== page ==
Emmanuel Macron, France’s risk-taker-in-chief

Emmanuel Macron likes to take risks. Confronted with anti-vaccination protests during the Covid-19 pandemic, the French president could have backed down as he did in the face of the anti-government gilets jaunes demonstrations three years earlier. Instead he raised the stakes, declaring his wish to “piss off” the unvaccinated and insisting that only the inoculated be allowed to enter bars and restaurants.

Macron’s sometimes unpopular enforcement of digital “health passes” and later “vaccination passes” paid off and saved lives. At the start of the pandemic, few people were more sceptical of vaccines than the French. Today, 78 per cent are fully vaccinated, more than in Germany, the UK and the US.

He has taken another kind of risk with his re-election battle. Preoccupied with the Russian invasion of Ukraine and his responsibility for European leadership during France’s tenure of the rotating EU presidency, Macron waited until the last moment before briefly declaring his intention to seek a second term as president.

At first his campaign team fretted that he might have left it too late. While Macron was in Brussels, Moscow and Kyiv, Marine Le Pen, the far-right nationalist leader who will face him in the second and final round of voting on Sunday, was criss-crossing France listening sympathetically to popular concerns about the cost of living and portraying Macron as an aloof “globalist” who cared more about foreigners than the French.

The latest opinion polls suggest Macron has again made the right political calculation in confining his campaigning to a frenzied few weeks before the first round of voting a fortnight ago. He comfortably led the field with 28 per cent of the votes, followed by Le Pen on 23 per cent.

Macron remains favourite to win the presidency on Sunday. His previously narrow poll lead has widened in recent days as voters assess Le Pen’s radically nationalist, Eurosceptic and anti-immigration agenda, although she still has an outside chance of achieving an upset akin to the Brexit vote or the election of Donald Trump in the US six years ago.

This is not the first time Macron has taken a political gamble. As an upstart 39-year-old who had never held elected office, he swept aside traditional French politicians with a cry of “neither right nor left” and won the Elysée in 2017.

Another win would mark the first time in 20 years that a French president has secured a second term, and the first in more than five decades for a president fully responsible for policy and not in “cohabitation” with a government and prime minister of another political complexion backed by the separately elected National Assembly.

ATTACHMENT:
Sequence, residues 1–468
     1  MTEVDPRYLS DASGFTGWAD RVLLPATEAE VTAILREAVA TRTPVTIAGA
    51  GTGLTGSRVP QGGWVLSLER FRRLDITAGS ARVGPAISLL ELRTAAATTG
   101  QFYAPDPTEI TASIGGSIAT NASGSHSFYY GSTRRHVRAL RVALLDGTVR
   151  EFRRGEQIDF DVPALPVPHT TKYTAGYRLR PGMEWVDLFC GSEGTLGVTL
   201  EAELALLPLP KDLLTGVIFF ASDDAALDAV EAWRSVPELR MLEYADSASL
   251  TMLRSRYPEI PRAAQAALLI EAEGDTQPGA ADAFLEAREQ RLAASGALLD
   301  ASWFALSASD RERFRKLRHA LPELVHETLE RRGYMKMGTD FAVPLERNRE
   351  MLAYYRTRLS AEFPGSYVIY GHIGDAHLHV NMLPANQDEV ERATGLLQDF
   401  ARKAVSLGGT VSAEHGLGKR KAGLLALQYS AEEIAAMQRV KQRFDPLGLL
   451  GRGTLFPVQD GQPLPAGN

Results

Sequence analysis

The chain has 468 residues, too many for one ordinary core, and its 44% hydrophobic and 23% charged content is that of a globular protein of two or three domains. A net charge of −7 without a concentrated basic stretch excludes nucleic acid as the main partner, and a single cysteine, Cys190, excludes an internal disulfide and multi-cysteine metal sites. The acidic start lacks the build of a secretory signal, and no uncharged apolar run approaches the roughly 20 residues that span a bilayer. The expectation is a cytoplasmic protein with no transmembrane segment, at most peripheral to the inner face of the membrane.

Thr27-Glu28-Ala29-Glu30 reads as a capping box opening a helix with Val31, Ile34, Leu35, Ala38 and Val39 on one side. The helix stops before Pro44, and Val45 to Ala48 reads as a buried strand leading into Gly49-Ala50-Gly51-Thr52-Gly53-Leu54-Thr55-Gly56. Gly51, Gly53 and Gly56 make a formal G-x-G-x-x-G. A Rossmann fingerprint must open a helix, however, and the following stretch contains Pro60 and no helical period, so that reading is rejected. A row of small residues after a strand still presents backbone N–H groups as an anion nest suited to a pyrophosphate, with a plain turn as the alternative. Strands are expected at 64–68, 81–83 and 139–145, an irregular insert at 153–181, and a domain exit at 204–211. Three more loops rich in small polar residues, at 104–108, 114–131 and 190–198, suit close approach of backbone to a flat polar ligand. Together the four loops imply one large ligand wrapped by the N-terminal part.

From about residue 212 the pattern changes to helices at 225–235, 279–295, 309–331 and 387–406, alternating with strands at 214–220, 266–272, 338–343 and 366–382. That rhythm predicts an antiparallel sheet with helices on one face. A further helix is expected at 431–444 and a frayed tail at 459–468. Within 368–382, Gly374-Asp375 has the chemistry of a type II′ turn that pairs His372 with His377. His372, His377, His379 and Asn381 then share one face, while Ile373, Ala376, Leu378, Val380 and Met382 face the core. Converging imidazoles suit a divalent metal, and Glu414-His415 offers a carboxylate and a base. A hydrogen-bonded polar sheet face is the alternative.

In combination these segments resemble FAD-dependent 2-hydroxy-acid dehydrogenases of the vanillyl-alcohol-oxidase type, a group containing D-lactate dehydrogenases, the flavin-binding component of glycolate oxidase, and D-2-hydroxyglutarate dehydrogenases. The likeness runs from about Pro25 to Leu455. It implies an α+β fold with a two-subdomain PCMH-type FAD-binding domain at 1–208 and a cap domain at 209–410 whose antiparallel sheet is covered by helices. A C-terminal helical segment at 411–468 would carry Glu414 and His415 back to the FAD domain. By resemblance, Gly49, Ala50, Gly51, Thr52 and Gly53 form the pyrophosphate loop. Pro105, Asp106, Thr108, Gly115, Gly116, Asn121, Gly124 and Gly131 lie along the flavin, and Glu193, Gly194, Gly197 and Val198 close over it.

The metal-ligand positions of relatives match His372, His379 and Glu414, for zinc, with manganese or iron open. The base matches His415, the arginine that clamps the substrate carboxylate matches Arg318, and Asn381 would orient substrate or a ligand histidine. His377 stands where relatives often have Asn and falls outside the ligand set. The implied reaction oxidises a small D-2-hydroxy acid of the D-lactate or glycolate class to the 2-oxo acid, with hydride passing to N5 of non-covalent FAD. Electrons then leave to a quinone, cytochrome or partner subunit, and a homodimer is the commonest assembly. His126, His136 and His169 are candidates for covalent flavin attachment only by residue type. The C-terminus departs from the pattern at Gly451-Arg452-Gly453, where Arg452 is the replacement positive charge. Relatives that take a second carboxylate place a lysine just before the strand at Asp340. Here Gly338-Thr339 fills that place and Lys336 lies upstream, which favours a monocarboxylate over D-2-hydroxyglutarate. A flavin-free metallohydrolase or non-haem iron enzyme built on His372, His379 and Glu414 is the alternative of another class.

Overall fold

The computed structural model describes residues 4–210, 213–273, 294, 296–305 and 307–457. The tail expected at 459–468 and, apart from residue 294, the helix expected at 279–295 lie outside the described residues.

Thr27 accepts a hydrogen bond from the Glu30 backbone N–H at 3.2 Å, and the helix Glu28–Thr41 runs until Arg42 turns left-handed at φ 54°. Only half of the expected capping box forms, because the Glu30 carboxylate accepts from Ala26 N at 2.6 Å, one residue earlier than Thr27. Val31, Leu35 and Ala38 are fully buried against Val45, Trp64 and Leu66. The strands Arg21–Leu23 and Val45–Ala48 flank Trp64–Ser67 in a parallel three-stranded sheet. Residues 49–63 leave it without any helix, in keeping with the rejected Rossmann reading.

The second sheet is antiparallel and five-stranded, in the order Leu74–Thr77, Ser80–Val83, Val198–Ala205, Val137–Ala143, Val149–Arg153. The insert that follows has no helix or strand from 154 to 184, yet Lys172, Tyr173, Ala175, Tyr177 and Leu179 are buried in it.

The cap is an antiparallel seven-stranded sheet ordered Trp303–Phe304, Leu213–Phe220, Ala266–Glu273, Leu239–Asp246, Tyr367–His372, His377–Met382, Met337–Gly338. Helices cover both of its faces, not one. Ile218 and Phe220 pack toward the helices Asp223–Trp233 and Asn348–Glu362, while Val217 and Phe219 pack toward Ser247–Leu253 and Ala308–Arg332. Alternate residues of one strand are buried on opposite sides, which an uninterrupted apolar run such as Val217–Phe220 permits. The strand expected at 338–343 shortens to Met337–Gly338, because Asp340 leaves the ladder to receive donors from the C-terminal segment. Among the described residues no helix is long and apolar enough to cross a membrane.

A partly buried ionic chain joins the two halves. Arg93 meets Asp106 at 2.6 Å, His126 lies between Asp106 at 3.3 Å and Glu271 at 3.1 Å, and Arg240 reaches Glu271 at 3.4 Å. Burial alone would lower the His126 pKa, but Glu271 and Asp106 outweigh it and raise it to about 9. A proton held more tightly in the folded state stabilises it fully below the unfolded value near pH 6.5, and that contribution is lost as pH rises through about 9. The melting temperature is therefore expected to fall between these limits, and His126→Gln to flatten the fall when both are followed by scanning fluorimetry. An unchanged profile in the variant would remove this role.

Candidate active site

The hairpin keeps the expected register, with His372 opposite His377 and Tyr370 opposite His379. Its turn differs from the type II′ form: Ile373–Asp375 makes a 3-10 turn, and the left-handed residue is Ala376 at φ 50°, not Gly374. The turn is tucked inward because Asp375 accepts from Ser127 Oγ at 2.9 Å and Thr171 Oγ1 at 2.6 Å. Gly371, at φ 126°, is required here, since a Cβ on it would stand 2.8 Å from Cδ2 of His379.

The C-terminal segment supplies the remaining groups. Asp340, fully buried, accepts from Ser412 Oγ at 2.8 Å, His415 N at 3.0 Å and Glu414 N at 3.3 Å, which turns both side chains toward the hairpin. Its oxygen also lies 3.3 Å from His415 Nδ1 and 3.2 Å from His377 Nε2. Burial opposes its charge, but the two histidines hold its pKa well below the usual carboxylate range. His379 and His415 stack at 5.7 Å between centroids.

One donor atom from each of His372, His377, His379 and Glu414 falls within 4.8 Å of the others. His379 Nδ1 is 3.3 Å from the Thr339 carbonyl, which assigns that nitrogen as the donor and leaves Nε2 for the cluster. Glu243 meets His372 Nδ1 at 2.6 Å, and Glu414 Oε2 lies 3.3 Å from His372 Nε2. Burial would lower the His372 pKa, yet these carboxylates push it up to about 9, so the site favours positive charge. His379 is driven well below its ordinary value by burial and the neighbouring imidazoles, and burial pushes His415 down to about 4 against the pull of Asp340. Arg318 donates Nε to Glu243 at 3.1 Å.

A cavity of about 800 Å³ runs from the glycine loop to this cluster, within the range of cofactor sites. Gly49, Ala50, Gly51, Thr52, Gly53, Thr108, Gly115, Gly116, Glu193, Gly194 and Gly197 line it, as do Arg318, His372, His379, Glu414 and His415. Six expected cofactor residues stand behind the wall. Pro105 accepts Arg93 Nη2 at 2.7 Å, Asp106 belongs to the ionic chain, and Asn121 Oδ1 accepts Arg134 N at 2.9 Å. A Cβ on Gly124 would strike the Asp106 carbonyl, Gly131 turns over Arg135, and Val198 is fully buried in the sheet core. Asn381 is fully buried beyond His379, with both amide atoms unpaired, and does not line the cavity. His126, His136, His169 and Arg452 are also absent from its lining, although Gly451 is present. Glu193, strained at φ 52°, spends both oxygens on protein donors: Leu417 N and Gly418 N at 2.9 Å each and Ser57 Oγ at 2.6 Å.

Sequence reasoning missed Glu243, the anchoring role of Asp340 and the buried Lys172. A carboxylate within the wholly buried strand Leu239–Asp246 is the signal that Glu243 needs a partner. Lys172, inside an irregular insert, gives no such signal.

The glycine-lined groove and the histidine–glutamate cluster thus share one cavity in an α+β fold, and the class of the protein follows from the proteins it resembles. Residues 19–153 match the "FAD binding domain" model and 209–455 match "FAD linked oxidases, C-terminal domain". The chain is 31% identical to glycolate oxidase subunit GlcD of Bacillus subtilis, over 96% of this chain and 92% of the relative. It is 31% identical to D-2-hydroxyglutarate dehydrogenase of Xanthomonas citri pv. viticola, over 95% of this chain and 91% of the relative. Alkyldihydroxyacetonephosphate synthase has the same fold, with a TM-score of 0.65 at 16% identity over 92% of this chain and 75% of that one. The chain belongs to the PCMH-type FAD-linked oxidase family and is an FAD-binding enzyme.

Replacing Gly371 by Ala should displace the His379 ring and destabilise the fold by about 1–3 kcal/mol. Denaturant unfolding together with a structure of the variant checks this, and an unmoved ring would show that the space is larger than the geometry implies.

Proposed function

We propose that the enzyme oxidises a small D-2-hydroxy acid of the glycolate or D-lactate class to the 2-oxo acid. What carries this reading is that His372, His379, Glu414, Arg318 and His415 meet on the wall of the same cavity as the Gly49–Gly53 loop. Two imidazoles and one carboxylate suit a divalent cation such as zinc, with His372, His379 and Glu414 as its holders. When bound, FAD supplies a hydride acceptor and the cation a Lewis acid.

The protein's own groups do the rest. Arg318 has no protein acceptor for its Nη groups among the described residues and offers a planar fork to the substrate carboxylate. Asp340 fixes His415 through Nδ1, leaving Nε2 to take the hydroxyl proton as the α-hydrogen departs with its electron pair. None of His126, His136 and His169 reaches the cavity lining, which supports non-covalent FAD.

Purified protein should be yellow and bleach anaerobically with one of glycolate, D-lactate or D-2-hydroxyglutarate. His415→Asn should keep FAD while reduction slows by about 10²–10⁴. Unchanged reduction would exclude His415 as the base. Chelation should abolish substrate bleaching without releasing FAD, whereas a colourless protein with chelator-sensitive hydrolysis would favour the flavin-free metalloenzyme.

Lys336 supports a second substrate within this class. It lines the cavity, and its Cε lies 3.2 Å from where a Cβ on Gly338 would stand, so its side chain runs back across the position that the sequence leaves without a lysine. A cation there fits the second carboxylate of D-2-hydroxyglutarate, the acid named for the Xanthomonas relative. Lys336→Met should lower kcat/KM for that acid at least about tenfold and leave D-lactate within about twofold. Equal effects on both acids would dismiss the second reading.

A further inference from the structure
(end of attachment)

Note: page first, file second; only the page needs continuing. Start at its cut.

The five-year term Macron is about to conclude, like his brief re-election campaign, has demonstrated the strengths and weaknesses of this unusual French politician, who graduated from the elite Ecole nationale d’administration and worked as a Rothschild banker and economy minister in a Socialist government before reaching his goal at the Elysée Palace.

Macron, now 44, is still bursting with energy, ambition and ideas. He believes he has a mission to reconcile his country’s fractured society and continue reforming the economy, while restoring France and Europe to their rightful place of strategic, industrial and cultural prominence in the world.

“He thinks he is the Joan of Arc of the 21st century,” says one admiring government official, explaining with only a hint of irony that Macron has the ambition and sparkiness required of a successful presidential candidate. “He thinks he’s been touched by the hand of God.”

The downside is that Macron is regularly accused by voters of being an arrogant “president of the rich” and is loathed, particularly on the left, to a degree unusual even in a country known for its revolutionary urge to decapitate its leaders.

Helped by the structure of the Fifth Republic instituted by Charles de Gaulle in 1958, Macron centralises power and decision-making in the Elysée and in himself, even on matters such as science and medicine, in which he has no prior expertise.

“He won’t just accept the ideas of his advisers,” says a business leader who has known him since he was a minister back in 2014 and hopes to see him re-elected. “He listens to everyone, and decides alone.” 

Macron’s decision to confront the anti-vaxxers, this person says, was typical of the blunt approach that has often offended the French. “His general philosophy is that if there’s a problem you should say clearly what it is, and if you have a policy you should spell it out. And it was better to take freedoms away from the unvaccinated than from the whole population.”

Even if he is re-elected on Sunday, Macron will need his supporters to win the National Assembly elections in June to be able to govern effectively, and will face a country where only a minority wholeheartedly support his liberal internationalist outlook. In the first round, nearly 60 per cent of voters supported candidates of the far right or far left.

This time, at least, he has experience and he shows no sign of backing off. “Every time I go out, I meet fellow citizens who don’t like what I’m doing or what I’m proposing,” a combative Macron said on a recent campaign trip to a small town in Brittany. “They buttonhole me and I answer them . . . I take risks all the time.”